The creature is possibly named Trico because it's in the third game of the ICO series, completing the trio of ICO games.
The ending reveals that the two times Trico got controlled into eating the boy, he didn't do so out of malice or hunger, but rather the mind control device telling him to collect the boy.
It seems odd that every time Trico is controlled into eating the boy, he faints and throws him back up afterwards. But then the ending shows that once the Master of the Valley is destroyed, all the Tricos wake up from their control and either fall from the sky or the tower as they apparently faint from the shock, likely the same thing that happened to the main Trico those two times in the game.
The Stinger reveals that Trico had a baby. His mate was probably the darker Trico he and the boy occasionally encountered throughout the game, considering the loss of the helmet reverted her back to normal and she was shown to still be alive and in the valley at the end. (Alternatively reverse the genders.)
Word of God confirms the dark Trico is the opposite gender of the main Trico, possibly in support of this interpretation.
Trico's gender is left ambiguous, but at one point the boy uses a masculine pronoun to refer to it. He's probably right; Trico's feathers are light grey, and his ears are bright blue, whereas the other main trico encountered is dark. In most birds, the males are the more colorful members of the species, while females are colored so as to blend in with their nests. If trico nest in dark caves as the ending shows, it would make sense for the females to be nearly black, while the males are lighter and brighter.
At the top of the White Tower, it's shown that the Master of the Valley rewards the tricos with barrels for successful deliveries. However, it only ejects one barrel for a group of three tricos, causing them to fight over it. This is probably to foster more aggressive behavior and competition so that the tricos will bring more and more people in hopes of being able to get a barrel. This also is a possible indicator of why our Trico latched onto the boy so quickly; he's been spoiling the critter with treats the whole game, on top of being kind.
Why is the Nest the way it is? It's certainly not any sort of practical structure for human beings to inhabit. Then you realize - the ruin isn't designed for human beings at all. It may have been built by humans long ago, but it was probably designed by an Eldritch Abomination explicitly for the use of it, its Hollow Men and the tricos - why your very large critter can fit through most passages and why there's absolutely No OSHA Compliance against death by falling anywhere in the ruin.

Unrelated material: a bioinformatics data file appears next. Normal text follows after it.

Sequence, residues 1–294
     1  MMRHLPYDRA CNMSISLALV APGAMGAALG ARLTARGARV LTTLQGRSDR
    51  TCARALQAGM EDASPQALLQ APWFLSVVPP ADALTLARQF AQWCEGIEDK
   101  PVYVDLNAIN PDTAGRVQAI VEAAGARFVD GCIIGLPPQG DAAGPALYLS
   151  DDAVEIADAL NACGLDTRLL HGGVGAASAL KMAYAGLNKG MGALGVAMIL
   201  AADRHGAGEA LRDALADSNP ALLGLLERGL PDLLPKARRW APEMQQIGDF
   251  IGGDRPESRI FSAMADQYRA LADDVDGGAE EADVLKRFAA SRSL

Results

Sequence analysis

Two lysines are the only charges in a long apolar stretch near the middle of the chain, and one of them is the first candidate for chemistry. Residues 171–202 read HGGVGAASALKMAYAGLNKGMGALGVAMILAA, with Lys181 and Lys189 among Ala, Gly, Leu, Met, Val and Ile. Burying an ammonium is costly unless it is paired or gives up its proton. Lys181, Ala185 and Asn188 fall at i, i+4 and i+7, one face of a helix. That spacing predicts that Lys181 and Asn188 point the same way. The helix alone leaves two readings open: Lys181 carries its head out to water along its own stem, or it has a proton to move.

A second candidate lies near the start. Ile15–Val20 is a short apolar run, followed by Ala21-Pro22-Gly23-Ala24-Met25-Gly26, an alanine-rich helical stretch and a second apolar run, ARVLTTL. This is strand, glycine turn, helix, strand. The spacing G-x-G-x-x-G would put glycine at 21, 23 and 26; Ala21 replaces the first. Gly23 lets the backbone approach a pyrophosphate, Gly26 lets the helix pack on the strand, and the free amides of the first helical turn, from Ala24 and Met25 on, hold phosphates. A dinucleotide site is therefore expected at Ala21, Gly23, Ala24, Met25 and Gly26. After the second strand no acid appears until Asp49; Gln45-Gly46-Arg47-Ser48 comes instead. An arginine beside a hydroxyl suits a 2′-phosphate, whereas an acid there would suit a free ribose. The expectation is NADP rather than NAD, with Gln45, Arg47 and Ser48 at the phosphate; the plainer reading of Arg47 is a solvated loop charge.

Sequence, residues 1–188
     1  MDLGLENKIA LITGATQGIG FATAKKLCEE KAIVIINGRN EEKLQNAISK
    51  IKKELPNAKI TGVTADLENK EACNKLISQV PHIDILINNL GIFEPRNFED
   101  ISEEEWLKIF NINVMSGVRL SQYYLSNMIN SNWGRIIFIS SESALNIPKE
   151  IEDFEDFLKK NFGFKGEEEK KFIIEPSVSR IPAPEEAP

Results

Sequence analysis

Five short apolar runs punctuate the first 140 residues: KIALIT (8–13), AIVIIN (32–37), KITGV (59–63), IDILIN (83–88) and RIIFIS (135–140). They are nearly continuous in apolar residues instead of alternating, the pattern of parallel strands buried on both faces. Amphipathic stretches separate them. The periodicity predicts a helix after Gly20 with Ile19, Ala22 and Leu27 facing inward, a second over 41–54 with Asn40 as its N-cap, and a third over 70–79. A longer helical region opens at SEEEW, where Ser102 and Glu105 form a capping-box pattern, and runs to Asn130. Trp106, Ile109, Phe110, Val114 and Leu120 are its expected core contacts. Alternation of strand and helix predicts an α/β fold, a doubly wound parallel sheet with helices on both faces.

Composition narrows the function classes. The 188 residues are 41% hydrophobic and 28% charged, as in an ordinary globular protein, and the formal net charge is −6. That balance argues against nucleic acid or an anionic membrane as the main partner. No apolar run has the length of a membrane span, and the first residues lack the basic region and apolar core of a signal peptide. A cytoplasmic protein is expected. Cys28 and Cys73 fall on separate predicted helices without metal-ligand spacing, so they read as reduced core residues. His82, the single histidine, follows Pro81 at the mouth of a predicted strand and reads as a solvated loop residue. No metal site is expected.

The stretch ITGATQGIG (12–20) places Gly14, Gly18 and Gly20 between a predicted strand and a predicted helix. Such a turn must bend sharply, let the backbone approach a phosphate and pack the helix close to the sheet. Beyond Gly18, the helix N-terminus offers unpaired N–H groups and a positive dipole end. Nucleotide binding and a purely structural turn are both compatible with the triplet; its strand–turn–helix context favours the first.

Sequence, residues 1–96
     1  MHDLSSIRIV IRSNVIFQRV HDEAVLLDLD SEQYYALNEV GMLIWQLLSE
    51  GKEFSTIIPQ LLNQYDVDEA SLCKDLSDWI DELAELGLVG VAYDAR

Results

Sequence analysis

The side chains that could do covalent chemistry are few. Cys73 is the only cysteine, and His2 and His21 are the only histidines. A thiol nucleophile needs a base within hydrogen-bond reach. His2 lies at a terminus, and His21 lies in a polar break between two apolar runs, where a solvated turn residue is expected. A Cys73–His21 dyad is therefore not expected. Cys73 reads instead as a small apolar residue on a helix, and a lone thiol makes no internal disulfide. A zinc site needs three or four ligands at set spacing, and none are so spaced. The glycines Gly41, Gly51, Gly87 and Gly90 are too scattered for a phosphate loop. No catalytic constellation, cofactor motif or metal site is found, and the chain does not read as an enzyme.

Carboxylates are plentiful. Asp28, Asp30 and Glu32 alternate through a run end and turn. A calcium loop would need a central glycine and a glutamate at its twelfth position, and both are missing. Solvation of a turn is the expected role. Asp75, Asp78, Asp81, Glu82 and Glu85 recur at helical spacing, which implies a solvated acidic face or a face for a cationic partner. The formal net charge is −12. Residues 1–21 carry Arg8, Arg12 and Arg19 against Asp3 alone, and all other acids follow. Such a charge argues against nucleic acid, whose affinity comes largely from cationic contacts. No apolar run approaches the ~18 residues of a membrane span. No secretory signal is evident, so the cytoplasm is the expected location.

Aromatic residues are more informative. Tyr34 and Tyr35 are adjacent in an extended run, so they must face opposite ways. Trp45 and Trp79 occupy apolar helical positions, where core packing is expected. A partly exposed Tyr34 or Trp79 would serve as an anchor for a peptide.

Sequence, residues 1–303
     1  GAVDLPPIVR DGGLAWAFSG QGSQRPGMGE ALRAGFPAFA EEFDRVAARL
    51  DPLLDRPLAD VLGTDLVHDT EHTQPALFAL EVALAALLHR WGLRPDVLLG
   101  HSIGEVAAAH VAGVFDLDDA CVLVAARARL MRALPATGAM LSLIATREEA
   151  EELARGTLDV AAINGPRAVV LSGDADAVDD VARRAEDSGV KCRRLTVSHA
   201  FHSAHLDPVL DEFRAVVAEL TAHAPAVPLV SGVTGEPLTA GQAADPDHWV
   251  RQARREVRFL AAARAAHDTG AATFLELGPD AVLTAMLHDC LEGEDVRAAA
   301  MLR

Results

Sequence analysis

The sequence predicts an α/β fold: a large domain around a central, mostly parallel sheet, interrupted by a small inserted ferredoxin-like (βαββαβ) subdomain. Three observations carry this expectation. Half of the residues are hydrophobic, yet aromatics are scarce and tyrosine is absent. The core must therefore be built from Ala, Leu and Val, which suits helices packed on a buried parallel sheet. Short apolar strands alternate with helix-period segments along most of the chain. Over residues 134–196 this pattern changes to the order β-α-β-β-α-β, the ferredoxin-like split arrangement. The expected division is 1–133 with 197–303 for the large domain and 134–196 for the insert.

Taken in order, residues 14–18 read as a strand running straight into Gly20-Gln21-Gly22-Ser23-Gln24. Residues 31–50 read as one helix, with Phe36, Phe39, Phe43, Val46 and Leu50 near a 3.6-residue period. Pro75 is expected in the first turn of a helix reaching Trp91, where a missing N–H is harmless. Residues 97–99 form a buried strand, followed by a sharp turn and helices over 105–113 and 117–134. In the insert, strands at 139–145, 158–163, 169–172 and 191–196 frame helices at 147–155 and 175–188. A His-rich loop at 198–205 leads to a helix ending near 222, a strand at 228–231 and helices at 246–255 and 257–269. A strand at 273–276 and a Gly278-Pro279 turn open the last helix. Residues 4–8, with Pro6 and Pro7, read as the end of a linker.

You often have to find food for Trico, but the boy himself never eats.
This makes at least some sense. The game takes place over a short time frame, and human beings can go quite a while without any food if they have to. Bigger animals like Trico, unless they've got a lot of fat reserves, can't, and the barrels the Boy feeds him aren't very big, so he needs a LOT of food to perform the feats he has to.
Pay attention to Trico's mouth and it's apparent that the creatures have no teeth, which begs the question how Trico gets so badly hurt every time another Trico (or several Tricos by the end) bites him. Granted the ending Tricos may also have clawed him, though they still appear to be primarily biting him.
Most toothless animals have rather hard mouths, either a full-on beak as in the case of birds or a sharp ridge in the gums. Trico's lips are mobile, so it's apparently an internal structure. It would be difficult to eat if you couldn't tear your food apart. And as anyone who has ever been goosed by an angry goose can tell you, you don't need teeth to do serious damage.
A cutscene reveals that Trico lost its wings in an accident, but for some reason the dark Trico that sometimes appears throughout the game also has stunted wings. It might have been to not give away that Trico used to have, or is going to have, full wings at some point. Another guess is that the dark Trico got its wings clipped by the guards to act as a sort of guard dog in the valley.
Had it not been for single, lucky stroke of lightning, the Boy would have been fed to the Master of the Valley just like all the others before him.
When Trico and the second beast are freed from the master's control we see that their kind are friendly, intelligent creatures when not threatened or protecting those they care about, and after the master is destroyed we see all of those other griffins possibly fall to their doom, however Trico survived fall from similar heights so let's hope at least some of them lived to enjoy their new freedom.
Trico is terrified of those glass eye symbols. Since this is true even when he's not under any mind control, it's highly likely he was conditioned to fear the sight of them. This might have been accomplished a few different ways, but the easiest way to do this would be to teach him to associate the symbols with pain - possibly from a young age.